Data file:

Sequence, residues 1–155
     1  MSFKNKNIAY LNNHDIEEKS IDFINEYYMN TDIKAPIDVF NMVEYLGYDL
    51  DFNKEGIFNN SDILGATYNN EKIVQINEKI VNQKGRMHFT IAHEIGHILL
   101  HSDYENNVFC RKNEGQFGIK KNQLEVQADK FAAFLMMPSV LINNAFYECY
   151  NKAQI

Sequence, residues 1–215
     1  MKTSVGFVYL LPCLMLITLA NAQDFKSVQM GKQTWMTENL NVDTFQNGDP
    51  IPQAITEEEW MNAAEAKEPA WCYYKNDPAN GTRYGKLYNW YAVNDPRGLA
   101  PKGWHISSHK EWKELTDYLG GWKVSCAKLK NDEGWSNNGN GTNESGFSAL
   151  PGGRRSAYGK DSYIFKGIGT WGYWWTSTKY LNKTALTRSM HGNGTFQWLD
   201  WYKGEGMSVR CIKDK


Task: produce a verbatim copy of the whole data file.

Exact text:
Sequence, residues 1–155
     1  MSFKNKNIAY LNNHDIEEKS IDFINEYYMN TDIKAPIDVF NMVEYLGYDL
    51  DFNKEGIFNN SDILGATYNN EKIVQINEKI VNQKGRMHFT IAHEIGHILL
   101  HSDYENNVFC RKNEGQFGIK KNQLEVQADK FAAFLMMPSV LINNAFYECY
   151  NKAQI

Sequence, residues 1–215
     1  MKTSVGFVYL LPCLMLITLA NAQDFKSVQM GKQTWMTENL NVDTFQNGDP
    51  IPQAITEEEW MNAAEAKEPA WCYYKNDPAN GTRYGKLYNW YAVNDPRGLA
   101  PKGWHISSHK EWKELTDYLG GWKVSCAKLK NDEGWSNNGN GTNESGFSAL
   151  PGGRRSAYGK DSYIFKGIGT WGYWWTSTKY LNKTALTRSM HGNGTFQWLD
   201  WYKGEGMSVR CIKDK